Ok, hoping it stays polite. Some folks asked to have the discussion so here goes with my two bits.
30 years of living aboard
, sailing some cruising, building, repairing, rebuilding, owned a boatyard for a while and was a surveyor
. Learned to sail on an early Piver
tri. Have sailed tris, cats, monos of heavy to light displacement
and even ran a 114 foot motor
I like them all but can only use one and right now the choice is a moderate to heavy displacement
mono. My reasons are based on our needs and experience. Now, others may make very different choices based on different needs.
So here goes. My wife and I are part of a nonprofit that will be working around more remote
stretches of the South Pacific
. Taking 4 person teams and also helping with projects requiring my skills and tools. I carry a lot of tools. They weigh a lot. But that's what we need.
We have a 46 foot ketch
that made the final cut. Now it's loaded but not overloaded and that's important. Moderate to heavy displacement boats can handle more weight safely for their size than a multi. Hard truth but there it is.
Yes, they are slower and yes they heel but I'm good with that. If you pick a good one they will structurally take more abuse than a multi.
If you like a multi you really, really want to look at the design cruising load. That's not a recommendation it's a hard fact. When it's exceeded speed and stability drop fast and structural stresses increase.
Again, I like multis but I've seen soooooo many suffering from overloading. I've worked on structural failures on them that had one crossing, others less than a decade old (they are built on a very fine weight/strength line) and other issues.
To some they like the lack of heeling but honestly I like the slower roll motion and am very use to heeling. I knew one couple who did the switch to a Cat. One pacific crossing and the Cat was sold and back to a mono. They didn't like the faster roll and he developed neck issues. Back to a mono. Not the only case I know of!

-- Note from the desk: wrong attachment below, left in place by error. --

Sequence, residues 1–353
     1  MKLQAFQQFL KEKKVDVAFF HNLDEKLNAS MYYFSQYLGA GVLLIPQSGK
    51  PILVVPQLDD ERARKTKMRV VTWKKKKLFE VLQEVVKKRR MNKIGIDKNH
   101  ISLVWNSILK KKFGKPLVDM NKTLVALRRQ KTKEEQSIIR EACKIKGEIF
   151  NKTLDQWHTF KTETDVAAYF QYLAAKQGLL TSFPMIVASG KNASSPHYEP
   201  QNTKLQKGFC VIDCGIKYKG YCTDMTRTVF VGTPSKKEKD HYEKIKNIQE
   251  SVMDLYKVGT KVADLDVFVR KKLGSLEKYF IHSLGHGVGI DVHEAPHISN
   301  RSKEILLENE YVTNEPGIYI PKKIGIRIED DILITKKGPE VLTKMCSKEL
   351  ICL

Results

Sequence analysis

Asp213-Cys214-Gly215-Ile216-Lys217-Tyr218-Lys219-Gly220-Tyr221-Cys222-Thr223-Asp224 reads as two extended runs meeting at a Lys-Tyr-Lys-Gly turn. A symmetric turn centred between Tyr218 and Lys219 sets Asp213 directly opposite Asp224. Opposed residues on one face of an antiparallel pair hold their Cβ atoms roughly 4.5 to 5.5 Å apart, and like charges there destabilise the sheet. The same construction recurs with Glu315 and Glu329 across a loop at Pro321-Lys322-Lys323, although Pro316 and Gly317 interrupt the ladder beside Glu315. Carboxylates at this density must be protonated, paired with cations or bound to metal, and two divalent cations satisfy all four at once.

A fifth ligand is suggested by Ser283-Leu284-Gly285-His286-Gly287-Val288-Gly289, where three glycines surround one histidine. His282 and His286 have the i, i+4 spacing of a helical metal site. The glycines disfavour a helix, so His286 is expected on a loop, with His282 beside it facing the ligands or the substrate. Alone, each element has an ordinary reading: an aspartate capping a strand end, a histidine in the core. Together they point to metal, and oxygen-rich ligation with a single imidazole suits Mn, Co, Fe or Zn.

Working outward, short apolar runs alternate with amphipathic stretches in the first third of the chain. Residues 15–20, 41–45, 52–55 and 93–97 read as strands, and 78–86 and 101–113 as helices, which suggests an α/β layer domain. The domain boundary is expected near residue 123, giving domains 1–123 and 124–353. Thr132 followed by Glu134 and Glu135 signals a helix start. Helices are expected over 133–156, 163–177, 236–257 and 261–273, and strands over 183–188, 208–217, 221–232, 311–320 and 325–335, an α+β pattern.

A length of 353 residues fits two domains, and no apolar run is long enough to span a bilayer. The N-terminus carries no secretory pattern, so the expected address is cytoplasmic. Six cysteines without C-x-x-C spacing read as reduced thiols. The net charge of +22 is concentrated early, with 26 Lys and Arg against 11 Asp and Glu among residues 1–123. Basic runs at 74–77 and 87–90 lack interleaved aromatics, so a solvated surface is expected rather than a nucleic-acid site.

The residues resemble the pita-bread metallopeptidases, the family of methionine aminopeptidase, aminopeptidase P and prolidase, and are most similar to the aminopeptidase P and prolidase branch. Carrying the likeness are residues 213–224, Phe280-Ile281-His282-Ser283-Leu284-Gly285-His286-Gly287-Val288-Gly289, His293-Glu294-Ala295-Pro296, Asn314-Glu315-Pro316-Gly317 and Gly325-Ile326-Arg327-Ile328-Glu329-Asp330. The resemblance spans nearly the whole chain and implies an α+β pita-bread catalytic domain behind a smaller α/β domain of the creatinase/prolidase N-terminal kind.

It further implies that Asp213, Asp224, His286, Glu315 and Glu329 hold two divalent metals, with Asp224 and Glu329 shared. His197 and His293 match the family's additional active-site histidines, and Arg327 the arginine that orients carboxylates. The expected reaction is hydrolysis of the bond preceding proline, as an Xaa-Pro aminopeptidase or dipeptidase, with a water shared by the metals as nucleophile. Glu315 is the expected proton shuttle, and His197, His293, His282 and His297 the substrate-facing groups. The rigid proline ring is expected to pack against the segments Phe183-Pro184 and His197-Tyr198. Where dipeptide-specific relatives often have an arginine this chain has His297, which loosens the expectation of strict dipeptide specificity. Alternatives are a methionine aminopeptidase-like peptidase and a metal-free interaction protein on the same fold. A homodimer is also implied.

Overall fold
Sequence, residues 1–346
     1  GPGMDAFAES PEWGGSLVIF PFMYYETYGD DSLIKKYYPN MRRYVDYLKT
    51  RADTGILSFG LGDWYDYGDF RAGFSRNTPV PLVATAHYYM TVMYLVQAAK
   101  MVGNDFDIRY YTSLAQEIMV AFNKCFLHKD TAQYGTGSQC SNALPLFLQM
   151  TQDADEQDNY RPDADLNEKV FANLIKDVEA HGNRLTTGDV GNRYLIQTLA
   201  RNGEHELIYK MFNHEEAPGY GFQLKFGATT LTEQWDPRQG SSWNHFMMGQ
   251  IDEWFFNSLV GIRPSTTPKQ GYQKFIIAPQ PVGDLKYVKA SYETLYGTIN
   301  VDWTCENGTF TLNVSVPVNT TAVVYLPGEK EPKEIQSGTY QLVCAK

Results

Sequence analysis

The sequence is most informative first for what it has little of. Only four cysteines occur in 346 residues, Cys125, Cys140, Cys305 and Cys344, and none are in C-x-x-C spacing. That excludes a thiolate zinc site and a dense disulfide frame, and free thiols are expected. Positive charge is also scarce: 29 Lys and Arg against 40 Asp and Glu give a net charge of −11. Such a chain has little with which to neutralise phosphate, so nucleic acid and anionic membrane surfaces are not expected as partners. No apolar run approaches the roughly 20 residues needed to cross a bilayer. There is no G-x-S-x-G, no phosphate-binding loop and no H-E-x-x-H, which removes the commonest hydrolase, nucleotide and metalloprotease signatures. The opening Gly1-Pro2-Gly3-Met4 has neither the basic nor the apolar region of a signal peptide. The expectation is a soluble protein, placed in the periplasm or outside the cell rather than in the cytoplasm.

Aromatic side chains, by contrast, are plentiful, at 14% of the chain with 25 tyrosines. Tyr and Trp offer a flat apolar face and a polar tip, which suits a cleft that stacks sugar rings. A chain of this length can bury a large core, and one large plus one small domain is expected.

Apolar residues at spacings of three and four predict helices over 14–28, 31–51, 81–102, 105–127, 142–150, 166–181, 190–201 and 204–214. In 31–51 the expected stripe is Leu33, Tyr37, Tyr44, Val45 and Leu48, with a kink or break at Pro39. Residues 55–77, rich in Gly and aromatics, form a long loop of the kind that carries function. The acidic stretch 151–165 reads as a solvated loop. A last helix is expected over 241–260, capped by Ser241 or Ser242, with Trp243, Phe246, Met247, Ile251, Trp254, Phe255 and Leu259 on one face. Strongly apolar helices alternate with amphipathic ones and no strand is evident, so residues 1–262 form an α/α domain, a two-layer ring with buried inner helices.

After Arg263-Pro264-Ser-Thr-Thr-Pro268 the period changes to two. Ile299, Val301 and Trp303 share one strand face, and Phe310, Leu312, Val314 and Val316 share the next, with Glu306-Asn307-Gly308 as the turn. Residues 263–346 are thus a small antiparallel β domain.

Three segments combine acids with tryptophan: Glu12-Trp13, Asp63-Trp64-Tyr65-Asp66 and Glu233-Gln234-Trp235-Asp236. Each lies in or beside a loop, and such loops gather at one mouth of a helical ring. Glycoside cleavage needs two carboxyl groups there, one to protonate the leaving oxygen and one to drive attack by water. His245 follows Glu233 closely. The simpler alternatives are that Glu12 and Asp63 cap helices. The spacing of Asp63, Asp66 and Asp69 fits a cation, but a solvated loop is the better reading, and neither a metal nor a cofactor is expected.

Yes, they can handle heavy weather
but I have seen problems. One very avid lifelong multihull
sailor summed it up well to me. You can let a monohull
mind itself hove to or ahull in extremis but for safety
you need to tend a multihull
all the time. Just my opinion maybe some others are braver!
I've weathered my share of hurricanes on board up to a borderline cat 5. I hope I've filled my quota on any boat
but truth is multihulls can have issues in them. You have lots of windage. Lots. And to keep the weight within that magic cruising load limit many are not heavy on ground tackle. The worst example was the luxury dive trimaran
a friend was anchored next to in a Cat 5. Fully crewed it went airborne, rolled over and dove in. Three crew didn't make it out. My friend survived undamaged aside from his nerves. I can relate.
Chris White, a good designer
in my book, has written some good stuff on the realities of choosing multihulls. Since he's a well regarded designer
I found it good reading!
Now if I could find a Cat that could carry enough weight, be sailed by two and be within budget
I might go for it but right now the die is cast and we are committed!
And one day I really want to sail a proa!
Let's hear your take on it!